****

This is I who…
lies in bed amidst the tumbled-down covers and forgotten dreams,
cranky like a flower bud pried open too soon.  I who would like to curl backwards into the secure fist of sleep and let the world do what it does…”call me when the war is over”.

This is I who…
says a prayer to my God of choice, not chance “…and let it be a good day.  Let me be respectful of self and other…” as I stretch into my feet, arms raised in a half-hazard salute, twirling my legs over the side of the bed, sitting upright.  Smiling at my reflection in the passing mirror on my way to the bathroom…hair spiky like liberty herself, skin less green.

This is I who…
sock-footed, pads  to the kitchen to brew that first cup of Argentinian Yerba Mate, promise of mental clarity and sustained physical energy.  Returning to bed with the blue and white dragon cup, made in China, set prestigiously on the nightstand.  My latest knitting project pulled onto my lap like a recalcitrant cat…knit and purl, knit and purl, knit and purl to end of row.

who…
slinks into my leotards, flicks on the tv like an automatic friend.  “Bend your elbows, fists clenched, arms pulled back, breathe in.”

I who…
boils water, 1/3 cup of oats with raisins.  Toasts a fistful of almonds, sprinkles wheat germ and nutritional yeast, a splash of soymilk.

This is I who partakes.

This is I who am grateful.

Let the games begin.

****

WRITING PROMPT

Try it…write your own poem or prose with the lead line THIS IS I WHO…” or any lead line of your choice.  Enjoy where you go with this.

flower

Deepening

 

What helps us to deepen our writing?  We put something down on paper.  Is it superficial or honest only to a point?  Ask yourself, “Am I holding something back? Have I told the whole truth?”  Even if you are writing fiction, these questions apply…within our created fiction, we strive for plausibility.

One thing you soon discover about writing is that there’s almost always somewhere else to go with a piece.  There is something more to be said.  On the June 29th Blog, Invocation of the Muse, you were invited to write for twenty minutes from your list of inspiring topics.  Now what?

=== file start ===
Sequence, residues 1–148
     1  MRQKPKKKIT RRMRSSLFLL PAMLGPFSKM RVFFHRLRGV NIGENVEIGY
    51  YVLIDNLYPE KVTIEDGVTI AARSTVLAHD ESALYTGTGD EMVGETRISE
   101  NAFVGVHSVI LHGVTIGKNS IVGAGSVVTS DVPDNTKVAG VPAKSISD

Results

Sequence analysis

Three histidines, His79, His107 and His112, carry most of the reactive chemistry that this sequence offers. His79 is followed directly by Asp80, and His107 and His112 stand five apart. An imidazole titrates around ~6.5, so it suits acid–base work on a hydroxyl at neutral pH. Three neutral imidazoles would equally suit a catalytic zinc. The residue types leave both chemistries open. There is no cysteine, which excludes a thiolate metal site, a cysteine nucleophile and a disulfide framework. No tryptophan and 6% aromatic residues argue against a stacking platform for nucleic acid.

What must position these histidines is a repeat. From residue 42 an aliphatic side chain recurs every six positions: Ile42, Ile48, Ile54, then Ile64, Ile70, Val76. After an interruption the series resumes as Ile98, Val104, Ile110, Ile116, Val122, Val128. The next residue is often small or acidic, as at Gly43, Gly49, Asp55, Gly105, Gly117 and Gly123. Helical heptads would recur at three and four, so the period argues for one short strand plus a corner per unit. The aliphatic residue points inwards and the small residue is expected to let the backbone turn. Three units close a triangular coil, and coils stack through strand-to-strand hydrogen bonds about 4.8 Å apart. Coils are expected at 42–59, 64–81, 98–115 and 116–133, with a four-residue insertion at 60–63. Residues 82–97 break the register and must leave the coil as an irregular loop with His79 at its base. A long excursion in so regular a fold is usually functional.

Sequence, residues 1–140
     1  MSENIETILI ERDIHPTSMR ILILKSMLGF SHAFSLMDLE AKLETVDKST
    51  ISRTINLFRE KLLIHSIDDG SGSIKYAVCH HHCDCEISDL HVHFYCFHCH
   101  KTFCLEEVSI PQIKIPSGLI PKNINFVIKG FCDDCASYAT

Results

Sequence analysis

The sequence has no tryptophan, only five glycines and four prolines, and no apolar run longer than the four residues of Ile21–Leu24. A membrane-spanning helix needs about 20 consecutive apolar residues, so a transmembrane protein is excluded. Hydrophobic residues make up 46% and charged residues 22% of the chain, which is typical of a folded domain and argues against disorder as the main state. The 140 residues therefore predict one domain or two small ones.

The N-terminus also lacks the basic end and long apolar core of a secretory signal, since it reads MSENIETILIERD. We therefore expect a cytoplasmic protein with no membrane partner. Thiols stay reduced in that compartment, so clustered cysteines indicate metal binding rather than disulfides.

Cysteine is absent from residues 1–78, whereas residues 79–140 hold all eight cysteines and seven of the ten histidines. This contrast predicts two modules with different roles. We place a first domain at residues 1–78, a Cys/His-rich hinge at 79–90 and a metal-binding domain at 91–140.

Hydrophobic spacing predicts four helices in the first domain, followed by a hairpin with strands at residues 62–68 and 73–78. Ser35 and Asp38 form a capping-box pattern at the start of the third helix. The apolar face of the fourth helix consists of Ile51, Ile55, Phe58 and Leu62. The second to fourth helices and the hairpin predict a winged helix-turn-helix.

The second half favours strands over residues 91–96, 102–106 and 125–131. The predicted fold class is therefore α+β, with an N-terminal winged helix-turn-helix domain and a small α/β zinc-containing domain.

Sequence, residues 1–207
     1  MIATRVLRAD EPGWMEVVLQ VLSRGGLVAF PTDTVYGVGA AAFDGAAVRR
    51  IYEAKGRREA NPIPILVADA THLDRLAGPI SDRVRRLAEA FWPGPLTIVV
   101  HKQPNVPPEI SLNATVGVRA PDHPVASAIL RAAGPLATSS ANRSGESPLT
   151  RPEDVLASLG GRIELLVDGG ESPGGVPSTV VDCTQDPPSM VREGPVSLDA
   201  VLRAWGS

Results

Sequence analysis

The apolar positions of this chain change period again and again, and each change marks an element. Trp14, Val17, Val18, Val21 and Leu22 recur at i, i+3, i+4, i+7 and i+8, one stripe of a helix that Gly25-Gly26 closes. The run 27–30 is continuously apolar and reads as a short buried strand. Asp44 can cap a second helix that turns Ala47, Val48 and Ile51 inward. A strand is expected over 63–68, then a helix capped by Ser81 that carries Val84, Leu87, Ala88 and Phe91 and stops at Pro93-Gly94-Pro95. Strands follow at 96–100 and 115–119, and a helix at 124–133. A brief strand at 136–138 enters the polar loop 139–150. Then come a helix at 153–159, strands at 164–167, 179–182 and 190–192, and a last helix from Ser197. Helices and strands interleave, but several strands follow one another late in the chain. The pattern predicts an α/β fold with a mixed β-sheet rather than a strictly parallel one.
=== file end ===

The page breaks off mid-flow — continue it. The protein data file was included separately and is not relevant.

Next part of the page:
Deepening

WRITING PROMPT:

Review what you wrote.  Find one key sentence in your piece.  Let that sentence take you into a deeper truth or story.  Elaborate.  Remember that effective writing is found in the details.  Let the force of your passion continue to guide your writing.  For now, give yourself permission to belabor a point where you feel called to do so.  Write for another twenty minutes (at least).

Afterwards, read what you wrote aloud and sit for a moment with where your writing has taken you.

WRITING TIP:

Writing is not about controlling the words, it is about freeing them.  It is about freeing your voice to speak what it really wants to say.  PERMISSION.  How does it feel to have permission to speak freely?  Write down your response.  Depending on your life experiences, it could feel anywhere from exhilarating to normal to dangerous.  Every feeling is welcome here.

****
Consider how else you might deepen your writing?  Any ideas?  Write them down and try them out.

Writing from the Daily Mundane (part two)

floral1

Perhaps you’ve read or studied the teachings of The Power of Now by Eckhart Tolle.  He addresses how to be present in each and every moment–a path towards spiritual enlightenment.  I, for one, have noticed how difficult it is to be fully present.  And, I have also found that when I’m in a creative space, whether it’s cooking, writing, poetry (reading or writing it) and painting, I am immersed and therefore fully present. When I’m fully present, there is no sense of time.

WRITING PROMPT:

I offer an awareness practice to you.  I call this one PRESENCE OR DIVISION.

Think about one repetitive task that you did this week.  Write it down.  Describe the task in detail.  (Was it doing the laundry?)  Were you able to be present with it?  Were there the distractions of a busy family as you performed the task?  Were you able to have a meditative moment?  Was there a quieting within as you performed this task or was there a feeling of fragmentation?  No judgment, only noticing and writing about what you noticed.  Take whatever amount of time you need to write about this.   Ask yourself, “Did I feel presence or division of attention while doing this task?”  Notice and write about the task and how present or distracted that you were.

WRITING TIP: